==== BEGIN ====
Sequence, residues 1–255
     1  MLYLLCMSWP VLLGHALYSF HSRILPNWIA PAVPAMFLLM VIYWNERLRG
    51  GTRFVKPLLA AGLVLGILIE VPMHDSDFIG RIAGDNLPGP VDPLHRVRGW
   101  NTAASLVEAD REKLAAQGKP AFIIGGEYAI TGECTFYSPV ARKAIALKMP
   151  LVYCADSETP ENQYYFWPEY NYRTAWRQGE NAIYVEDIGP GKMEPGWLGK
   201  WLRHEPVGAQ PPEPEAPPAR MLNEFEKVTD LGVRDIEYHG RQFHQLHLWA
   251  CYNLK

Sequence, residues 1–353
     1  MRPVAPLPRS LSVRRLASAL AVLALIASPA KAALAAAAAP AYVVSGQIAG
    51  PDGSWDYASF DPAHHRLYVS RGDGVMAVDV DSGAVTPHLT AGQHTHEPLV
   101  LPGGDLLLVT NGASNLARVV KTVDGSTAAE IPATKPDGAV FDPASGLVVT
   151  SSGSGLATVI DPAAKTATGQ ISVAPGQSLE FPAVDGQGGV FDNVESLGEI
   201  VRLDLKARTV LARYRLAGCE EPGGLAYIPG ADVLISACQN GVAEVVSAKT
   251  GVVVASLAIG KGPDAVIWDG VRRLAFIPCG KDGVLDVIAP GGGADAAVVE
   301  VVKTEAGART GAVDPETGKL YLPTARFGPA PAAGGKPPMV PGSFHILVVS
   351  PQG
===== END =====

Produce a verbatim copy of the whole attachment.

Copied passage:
Sequence, residues 1–255
     1  MLYLLCMSWP VLLGHALYSF HSRILPNWIA PAVPAMFLLM VIYWNERLRG
    51  GTRFVKPLLA AGLVLGILIE VPMHDSDFIG RIAGDNLPGP VDPLHRVRGW
   101  NTAASLVEAD REKLAAQGKP AFIIGGEYAI TGECTFYSPV ARKAIALKMP
   151  LVYCADSETP ENQYYFWPEY NYRTAWRQGE NAIYVEDIGP GKMEPGWLGK
   201  WLRHEPVGAQ PPEPEAPPAR MLNEFEKVTD LGVRDIEYHG RQFHQLHLWA
   251  CYNLK

Sequence, residues 1–353
     1  MRPVAPLPRS LSVRRLASAL AVLALIASPA KAALAAAAAP AYVVSGQIAG
    51  PDGSWDYASF DPAHHRLYVS RGDGVMAVDV DSGAVTPHLT AGQHTHEPLV
   101  LPGGDLLLVT NGASNLARVV KTVDGSTAAE IPATKPDGAV FDPASGLVVT
   151  SSGSGLATVI DPAAKTATGQ ISVAPGQSLE FPAVDGQGGV FDNVESLGEI
   201  VRLDLKARTV LARYRLAGCE EPGGLAYIPG ADVLISACQN GVAEVVSAKT
   251  GVVVASLAIG KGPDAVIWDG VRRLAFIPCG KDGVLDVIAP GGGADAAVVE
   301  VVKTEAGART GAVDPETGKL YLPTARFGPA PAAGGKPPMV PGSFHILVVS
   351  PQG